For many people, childhood passions remain in childhood. It is rare exceptions like Sue Charles who rediscover these passions and turn them into something beautiful. For more from our Country Cottage Special Issue, order now for just $5 during our Special Issue Sale!
Sue Charles of Washington Boro, Pennsylvania, always knew she loved painting. Her affinity for drawing began when she was a toddler and continued throughout childhood. She often copied pictures from books and made greeting cards for her family. But even with this talent, Sue fell victim to the age-old question: “How could I ever make a living doing art?” So, when it came time for Sue to go to college, she pursued elementary education, and her art seemed to be hibernating. “But if you have art in you,” she says, “eventually it is going to have to come out.”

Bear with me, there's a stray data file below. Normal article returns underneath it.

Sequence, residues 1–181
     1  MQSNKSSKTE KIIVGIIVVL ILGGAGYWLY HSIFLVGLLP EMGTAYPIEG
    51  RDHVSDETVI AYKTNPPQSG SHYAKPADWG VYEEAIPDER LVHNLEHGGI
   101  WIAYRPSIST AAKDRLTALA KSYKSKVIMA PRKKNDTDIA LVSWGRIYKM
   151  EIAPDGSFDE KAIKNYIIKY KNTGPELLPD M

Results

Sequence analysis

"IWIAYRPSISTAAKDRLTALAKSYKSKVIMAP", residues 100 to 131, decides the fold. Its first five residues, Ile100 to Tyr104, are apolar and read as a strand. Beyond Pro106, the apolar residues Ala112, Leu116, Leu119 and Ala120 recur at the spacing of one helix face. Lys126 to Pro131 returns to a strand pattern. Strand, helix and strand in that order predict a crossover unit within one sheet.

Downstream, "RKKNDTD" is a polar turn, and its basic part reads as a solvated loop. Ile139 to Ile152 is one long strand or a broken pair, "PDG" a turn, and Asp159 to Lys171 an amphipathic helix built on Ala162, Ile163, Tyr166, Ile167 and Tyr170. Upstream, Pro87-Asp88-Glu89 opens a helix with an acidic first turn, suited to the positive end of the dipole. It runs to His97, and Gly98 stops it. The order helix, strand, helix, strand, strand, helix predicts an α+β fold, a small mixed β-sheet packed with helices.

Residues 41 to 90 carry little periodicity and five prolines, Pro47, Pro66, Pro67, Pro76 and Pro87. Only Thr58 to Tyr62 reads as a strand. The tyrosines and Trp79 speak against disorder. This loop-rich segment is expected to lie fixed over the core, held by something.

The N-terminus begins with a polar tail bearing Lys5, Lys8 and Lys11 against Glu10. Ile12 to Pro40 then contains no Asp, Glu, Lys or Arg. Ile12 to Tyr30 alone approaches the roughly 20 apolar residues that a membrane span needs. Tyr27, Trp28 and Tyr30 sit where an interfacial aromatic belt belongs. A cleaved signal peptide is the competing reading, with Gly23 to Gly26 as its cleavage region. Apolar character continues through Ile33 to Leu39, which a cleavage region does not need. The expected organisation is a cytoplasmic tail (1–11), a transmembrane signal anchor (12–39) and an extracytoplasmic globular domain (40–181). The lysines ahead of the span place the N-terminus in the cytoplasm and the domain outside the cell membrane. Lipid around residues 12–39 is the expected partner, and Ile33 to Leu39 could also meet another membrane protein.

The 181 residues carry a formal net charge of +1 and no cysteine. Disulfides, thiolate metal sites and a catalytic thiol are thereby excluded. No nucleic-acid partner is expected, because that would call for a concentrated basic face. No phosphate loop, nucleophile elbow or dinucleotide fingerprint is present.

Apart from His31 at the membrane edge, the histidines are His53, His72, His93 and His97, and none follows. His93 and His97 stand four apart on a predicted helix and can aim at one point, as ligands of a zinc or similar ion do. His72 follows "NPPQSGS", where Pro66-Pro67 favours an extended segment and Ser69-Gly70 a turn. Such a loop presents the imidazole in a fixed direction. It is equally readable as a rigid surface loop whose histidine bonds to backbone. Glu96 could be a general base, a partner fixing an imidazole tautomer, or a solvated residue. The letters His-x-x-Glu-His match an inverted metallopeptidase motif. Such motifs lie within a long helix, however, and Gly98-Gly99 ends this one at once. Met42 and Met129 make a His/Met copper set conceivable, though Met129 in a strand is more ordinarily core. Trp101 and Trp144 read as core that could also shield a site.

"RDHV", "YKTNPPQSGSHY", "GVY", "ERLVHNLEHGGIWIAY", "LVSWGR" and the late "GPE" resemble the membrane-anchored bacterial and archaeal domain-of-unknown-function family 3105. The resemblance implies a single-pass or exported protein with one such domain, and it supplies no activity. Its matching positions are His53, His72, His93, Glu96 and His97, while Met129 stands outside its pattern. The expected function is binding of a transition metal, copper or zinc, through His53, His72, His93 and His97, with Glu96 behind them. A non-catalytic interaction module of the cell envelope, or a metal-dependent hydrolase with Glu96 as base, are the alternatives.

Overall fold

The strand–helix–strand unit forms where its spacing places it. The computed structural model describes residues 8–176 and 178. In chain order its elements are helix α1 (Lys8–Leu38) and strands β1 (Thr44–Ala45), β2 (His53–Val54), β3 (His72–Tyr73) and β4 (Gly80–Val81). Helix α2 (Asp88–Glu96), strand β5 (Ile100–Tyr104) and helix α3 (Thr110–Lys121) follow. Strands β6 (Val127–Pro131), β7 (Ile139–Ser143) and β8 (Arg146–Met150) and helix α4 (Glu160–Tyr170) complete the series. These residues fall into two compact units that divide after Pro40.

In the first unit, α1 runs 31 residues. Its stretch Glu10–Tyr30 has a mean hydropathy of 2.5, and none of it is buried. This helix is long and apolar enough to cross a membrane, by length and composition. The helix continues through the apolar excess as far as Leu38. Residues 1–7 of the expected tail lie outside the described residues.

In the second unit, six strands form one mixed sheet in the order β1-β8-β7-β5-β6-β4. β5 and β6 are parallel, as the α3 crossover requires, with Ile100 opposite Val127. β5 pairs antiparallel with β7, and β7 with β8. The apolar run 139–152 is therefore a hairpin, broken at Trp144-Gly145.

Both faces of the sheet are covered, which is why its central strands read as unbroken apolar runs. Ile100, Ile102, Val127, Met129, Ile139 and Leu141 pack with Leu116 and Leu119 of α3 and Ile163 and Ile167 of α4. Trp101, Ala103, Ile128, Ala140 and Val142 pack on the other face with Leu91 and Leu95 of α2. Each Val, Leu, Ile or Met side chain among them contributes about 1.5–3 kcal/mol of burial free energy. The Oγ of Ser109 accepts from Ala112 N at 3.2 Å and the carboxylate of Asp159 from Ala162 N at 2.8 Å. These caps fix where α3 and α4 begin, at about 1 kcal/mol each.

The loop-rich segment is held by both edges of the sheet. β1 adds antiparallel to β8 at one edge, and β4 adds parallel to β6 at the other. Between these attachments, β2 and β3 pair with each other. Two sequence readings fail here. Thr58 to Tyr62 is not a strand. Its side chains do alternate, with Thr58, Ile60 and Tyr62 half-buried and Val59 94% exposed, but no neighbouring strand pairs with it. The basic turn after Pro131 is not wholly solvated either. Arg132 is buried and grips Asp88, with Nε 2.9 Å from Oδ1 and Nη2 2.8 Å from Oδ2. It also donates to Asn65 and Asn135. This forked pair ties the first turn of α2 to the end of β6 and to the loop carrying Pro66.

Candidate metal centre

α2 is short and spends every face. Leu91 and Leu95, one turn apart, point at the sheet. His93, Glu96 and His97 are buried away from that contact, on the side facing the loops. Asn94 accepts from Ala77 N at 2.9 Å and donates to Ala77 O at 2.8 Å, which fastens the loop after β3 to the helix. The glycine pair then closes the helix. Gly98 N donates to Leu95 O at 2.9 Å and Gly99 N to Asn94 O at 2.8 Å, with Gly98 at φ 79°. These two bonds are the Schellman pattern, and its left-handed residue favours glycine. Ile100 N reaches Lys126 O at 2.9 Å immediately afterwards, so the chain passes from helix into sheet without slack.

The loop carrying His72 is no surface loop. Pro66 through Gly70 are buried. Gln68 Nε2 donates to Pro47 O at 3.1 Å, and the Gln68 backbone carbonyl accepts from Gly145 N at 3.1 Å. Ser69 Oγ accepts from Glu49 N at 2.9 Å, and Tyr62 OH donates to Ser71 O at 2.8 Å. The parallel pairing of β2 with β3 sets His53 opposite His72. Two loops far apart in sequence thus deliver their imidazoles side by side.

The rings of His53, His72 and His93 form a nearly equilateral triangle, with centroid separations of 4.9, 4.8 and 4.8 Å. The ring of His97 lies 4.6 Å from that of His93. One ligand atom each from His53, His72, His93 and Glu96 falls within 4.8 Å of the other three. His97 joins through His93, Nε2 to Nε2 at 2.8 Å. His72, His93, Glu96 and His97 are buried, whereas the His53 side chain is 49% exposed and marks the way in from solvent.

About the time Sue had her third child, an uncontrollable surge of creativity emerged and she decided to seek out art lessons. “I initially chose watercolors because I had little children at the time, and I knew that it was non-toxic and an easy clean up,” says Sue, who later learned that it’s considered one of the most difficult mediums. Because watercolors are so transparent, an artist can’t cover up what they have already done, so preliminary planning is essential. It is also extremely difficult to mix colors, but Sue says she found painting with watercolors came to her naturally. She was in and out of painting when her fourth child came along but has now found a steady business as both an artist and teacher.
Sue’s paintings, such as the painting shown above, reflect what she sees in her daily life. They are a beautiul depiction of everyday life and how something as normal as a young boy playing basketball in the front yard of his family home can strike inspiration in people like Sue. She turns the mundane into magic.